Renters facing eviction don’t get enough help from new expungement law, advocates say

Renters facing eviction don’t get enough help from new expungement law, advocates say
(Trent Nelson | The Salt Lake Tribune) The C9 Flats apartments in Salt Lake City on Friday, Oct. 21, 2022.

The following story was supported by The Economic Hardship Reporting Project and reported by The Utah Investigative Journalism Project in partnership with The Salt Lake Tribune.

Utah renters can now erase past evictions off their records. If they paid their debt to their landlord and can file some paperwork to prove it, then they no longer have to worry about the doors to safe and stable housing being slammed in their faces.

Housing advocates are excited about the law but worry that the process isn’t that open and shut. Renters have to file four different forms and be prepared to appear in court if necessary, in a process that takes months to complete.

Even if renters have all the receipts to prove they paid their debt, landlords can still veto the expungement and don’t need to provide any proof or even explain why — under the law, a landlord could simply say “I object” in writing and the expungement will be shot down. By comparison, a criminal expungement bill passed in recent years only allows the objections of crime victims to be considered as one of multiple factors by a judge when deciding on an expungement. But if a landlord says no, then a judge has no choice but to disqualify an eviction expungement request.

The expungement bill itself was the product of a hard-won battle between housing advocates and landlords in the 2022 session. The bill established a process for many evictions to be expunged automatically in the future, but for evictions before July 1, 2022, renters have to file a petition to have the cases expunged.

Tolina Katoa, a community health worker, focused on housing with Pacific Island Knowledge 2 Action Resources, or PIK2AR, worries that with automatic expungements years away from going into effect, many renters will struggle to jump through all the legal hoops necessary for the petition process.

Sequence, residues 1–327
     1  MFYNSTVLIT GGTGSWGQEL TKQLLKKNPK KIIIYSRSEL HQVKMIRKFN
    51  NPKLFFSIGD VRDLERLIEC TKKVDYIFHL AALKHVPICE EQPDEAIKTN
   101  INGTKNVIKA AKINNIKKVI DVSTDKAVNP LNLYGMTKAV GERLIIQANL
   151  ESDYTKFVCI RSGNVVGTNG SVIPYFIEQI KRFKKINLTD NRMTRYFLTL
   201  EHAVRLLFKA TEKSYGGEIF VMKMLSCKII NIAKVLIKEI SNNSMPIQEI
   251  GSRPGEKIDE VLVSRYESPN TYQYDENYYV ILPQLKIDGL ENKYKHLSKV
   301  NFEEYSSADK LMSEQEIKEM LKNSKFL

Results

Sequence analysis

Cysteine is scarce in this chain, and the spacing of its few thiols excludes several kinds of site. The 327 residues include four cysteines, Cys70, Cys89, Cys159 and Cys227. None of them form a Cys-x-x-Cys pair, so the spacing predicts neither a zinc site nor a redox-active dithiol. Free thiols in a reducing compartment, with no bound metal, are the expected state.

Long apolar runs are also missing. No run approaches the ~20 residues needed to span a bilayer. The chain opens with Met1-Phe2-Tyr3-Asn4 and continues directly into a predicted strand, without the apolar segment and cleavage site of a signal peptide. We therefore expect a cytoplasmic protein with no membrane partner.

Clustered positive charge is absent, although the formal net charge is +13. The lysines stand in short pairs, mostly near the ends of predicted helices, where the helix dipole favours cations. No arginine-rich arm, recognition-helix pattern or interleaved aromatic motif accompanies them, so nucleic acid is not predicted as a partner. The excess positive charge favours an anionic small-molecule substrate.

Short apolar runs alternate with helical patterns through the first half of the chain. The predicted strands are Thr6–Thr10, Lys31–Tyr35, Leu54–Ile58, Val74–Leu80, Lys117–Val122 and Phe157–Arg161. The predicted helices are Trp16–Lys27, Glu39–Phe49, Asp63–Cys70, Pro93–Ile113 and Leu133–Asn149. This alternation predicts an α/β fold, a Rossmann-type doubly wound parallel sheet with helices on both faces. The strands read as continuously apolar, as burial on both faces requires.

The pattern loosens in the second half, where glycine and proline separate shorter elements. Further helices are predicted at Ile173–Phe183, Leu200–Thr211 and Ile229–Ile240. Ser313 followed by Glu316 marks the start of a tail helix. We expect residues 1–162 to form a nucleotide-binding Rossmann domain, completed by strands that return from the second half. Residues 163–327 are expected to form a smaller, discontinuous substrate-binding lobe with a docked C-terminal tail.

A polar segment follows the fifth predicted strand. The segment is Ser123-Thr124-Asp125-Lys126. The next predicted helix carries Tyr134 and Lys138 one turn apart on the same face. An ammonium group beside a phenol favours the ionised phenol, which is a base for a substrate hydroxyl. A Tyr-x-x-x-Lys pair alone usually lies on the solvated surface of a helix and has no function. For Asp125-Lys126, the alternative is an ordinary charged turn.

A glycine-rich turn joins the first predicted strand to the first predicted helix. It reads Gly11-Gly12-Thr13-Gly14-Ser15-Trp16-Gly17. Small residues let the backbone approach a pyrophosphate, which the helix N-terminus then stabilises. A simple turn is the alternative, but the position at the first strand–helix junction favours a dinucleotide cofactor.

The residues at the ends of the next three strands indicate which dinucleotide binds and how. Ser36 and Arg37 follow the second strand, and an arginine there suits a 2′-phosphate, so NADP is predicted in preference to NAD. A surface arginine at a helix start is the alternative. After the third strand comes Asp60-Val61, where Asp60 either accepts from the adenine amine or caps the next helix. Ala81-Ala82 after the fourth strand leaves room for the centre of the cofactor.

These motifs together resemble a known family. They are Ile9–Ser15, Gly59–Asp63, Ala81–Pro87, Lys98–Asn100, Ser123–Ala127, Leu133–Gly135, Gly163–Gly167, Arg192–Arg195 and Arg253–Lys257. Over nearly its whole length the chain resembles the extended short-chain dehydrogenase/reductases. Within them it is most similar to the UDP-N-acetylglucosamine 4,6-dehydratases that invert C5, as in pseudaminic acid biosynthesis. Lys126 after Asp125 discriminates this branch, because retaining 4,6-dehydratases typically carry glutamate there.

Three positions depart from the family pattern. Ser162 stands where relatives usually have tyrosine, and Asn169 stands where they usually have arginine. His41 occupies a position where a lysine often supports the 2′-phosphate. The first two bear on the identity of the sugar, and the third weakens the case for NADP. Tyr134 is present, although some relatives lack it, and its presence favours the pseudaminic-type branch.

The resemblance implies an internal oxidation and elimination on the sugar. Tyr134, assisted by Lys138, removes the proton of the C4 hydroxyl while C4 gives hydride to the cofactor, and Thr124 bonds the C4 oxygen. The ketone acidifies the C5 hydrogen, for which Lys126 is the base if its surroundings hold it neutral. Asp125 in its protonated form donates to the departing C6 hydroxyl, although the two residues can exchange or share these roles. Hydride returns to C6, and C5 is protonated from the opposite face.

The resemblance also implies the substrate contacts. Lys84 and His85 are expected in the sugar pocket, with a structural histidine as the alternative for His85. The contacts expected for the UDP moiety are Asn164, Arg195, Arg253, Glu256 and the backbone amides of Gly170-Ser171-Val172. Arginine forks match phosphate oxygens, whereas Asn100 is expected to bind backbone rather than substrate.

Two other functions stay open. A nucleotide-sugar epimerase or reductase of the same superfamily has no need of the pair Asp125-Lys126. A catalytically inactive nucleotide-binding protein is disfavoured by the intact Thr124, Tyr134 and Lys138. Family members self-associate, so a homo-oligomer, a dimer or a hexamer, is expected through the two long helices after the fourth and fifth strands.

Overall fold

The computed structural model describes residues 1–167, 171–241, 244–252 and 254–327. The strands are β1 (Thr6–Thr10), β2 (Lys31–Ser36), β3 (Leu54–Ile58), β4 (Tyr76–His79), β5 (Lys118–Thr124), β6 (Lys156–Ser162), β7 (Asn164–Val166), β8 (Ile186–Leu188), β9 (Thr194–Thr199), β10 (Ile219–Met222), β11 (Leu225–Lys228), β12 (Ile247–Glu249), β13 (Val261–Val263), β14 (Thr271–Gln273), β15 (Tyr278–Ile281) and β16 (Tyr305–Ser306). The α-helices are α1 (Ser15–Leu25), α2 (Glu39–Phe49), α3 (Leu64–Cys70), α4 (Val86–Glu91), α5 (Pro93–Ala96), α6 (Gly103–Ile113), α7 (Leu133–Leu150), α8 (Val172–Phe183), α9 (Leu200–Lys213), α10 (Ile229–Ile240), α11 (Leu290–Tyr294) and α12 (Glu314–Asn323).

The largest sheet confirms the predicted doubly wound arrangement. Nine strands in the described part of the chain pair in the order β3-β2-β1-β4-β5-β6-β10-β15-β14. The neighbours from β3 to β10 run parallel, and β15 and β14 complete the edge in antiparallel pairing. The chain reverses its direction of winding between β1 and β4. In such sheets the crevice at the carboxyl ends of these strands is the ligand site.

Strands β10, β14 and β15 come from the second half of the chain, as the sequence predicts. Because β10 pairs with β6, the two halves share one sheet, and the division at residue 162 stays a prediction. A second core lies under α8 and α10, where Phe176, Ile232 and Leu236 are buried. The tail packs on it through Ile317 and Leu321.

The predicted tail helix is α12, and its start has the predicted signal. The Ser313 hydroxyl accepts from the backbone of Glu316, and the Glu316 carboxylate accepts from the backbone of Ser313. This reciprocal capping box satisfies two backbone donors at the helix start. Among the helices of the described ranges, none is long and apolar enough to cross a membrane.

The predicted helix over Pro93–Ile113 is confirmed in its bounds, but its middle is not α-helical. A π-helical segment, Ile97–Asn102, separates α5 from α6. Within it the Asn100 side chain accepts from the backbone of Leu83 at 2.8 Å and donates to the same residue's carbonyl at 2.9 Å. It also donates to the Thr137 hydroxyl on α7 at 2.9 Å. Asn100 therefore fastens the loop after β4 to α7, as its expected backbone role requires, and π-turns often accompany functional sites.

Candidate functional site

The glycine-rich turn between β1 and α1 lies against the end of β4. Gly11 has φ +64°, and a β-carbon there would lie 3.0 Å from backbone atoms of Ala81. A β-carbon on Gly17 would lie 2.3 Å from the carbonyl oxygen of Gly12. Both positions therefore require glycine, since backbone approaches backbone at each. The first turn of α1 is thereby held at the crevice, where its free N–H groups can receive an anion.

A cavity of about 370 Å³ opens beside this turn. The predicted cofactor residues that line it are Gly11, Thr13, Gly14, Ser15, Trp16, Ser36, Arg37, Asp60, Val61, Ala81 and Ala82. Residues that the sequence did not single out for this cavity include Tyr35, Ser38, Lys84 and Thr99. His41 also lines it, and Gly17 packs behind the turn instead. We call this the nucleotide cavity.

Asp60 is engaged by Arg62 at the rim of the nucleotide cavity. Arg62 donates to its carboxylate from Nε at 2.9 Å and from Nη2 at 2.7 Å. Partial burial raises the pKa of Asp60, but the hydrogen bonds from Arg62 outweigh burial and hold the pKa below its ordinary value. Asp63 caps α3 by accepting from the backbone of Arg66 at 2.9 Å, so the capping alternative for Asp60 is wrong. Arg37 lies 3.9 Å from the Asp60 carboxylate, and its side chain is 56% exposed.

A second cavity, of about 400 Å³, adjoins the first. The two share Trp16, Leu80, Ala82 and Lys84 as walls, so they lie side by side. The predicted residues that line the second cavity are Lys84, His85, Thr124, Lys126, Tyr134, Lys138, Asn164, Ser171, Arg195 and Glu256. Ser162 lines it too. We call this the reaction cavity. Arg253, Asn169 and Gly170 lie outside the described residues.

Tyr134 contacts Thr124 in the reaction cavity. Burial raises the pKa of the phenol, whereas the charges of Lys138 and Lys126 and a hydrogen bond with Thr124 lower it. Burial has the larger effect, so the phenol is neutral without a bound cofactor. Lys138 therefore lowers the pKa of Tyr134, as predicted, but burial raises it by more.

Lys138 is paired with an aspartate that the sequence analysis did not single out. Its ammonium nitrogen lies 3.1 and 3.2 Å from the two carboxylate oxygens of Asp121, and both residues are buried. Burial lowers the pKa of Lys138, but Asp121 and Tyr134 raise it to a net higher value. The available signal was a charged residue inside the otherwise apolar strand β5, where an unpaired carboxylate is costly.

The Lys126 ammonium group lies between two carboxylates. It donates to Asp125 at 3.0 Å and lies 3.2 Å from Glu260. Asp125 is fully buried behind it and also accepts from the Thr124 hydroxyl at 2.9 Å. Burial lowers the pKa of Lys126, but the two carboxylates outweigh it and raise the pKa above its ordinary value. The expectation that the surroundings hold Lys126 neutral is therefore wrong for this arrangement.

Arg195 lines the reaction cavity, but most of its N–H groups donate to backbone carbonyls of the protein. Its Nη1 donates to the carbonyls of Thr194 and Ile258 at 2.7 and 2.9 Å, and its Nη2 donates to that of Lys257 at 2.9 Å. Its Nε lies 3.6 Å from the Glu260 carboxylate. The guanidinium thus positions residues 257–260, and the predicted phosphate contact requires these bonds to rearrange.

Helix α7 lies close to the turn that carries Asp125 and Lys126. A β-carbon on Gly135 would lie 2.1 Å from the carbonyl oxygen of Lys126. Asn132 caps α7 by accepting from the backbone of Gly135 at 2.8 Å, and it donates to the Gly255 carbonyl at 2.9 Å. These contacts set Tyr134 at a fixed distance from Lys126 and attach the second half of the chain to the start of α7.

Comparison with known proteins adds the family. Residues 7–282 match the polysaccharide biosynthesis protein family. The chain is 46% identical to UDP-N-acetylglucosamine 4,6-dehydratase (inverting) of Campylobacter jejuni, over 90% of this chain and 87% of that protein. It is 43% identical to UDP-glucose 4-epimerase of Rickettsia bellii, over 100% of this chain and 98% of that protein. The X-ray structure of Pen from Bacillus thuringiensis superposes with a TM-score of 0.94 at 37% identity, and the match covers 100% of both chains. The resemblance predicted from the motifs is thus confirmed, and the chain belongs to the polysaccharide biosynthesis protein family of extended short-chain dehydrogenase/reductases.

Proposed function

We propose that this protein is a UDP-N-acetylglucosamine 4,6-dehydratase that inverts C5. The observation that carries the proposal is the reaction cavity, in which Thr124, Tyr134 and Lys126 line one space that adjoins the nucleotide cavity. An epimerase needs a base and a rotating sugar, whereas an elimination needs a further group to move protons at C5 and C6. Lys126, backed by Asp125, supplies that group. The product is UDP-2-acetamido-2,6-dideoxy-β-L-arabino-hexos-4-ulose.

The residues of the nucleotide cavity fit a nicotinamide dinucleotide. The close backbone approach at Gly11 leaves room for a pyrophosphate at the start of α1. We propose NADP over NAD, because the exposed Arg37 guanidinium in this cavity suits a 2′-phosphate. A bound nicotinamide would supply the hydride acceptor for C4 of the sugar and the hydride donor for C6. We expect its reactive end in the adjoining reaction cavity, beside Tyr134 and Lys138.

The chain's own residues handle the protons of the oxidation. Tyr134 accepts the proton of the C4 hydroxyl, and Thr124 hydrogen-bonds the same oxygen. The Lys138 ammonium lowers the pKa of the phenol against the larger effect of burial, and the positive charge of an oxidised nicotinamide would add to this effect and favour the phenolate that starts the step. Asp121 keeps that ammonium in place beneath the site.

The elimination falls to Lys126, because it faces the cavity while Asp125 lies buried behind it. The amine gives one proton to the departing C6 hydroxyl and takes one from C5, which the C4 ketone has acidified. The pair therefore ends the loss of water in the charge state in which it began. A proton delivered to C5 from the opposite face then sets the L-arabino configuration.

“There are things being done, but it’s nothing that’s going to help in the here and now,” Katoa said. “And it’s the here and now that everybody needs to worry about.”

The Utah Investigative Journalism Project received court records dating from 1996 to the present identifying 15,224 eviction cases where the court dockets show the renter paid off their debt and satisfied the eviction judgment against them. Under the new law, all of these individuals could get their records wiped — but first, they need to jump through the hoops.

The Hoops

HB359, sponsored by Rep. Marsha Judkins, R-Provo, set up multiple paths for eviction expungements. Starting on July 1 of this year, new eviction cases will be flagged for automatic expungement if, after three years, certain conditions have been met — such as that the entire case was dismissed, no appeals are pending or if the parties settled the matter.

But those won’t kick in until 2025. In the meantime, renters who want to wipe an older eviction from their record have to make sure they have proof they’ve paid off their eviction judgment debt. Then they file a petition with the court and serve a copy to the landlord. The expungement also only applies to evictions for nonpayment of rent or if the renter stayed past their lease. People evicted for breaking apartment rules or the law can’t take advantage of the new expungement by the petition process.

Once all the forms are filed, the landlord has 60 days to file any objection — and again it can be any objection. The renter may need to attend a hearing in case the judge needs to review their proof of paying off the old debt. If there is no objection from the landlord, the expungement will be approved. But even then, it will take another 90 days for the records to be fully expunged and for credit bureaus to update their information.

Advocates like Yehemy Orozco of the Utah Housing Coalition are cautiously optimistic about the petition process, and she and her fellow advocates have already gotten to work helping clients petition to expunge their records. She says the law presents an incredible opportunity for renters to change their housing and change their lives in the process. She’s also pleased that the filings can be done for free.

Still, she says there are challenges.

“All the burden, all the work goes to the tenants,” Orozco said.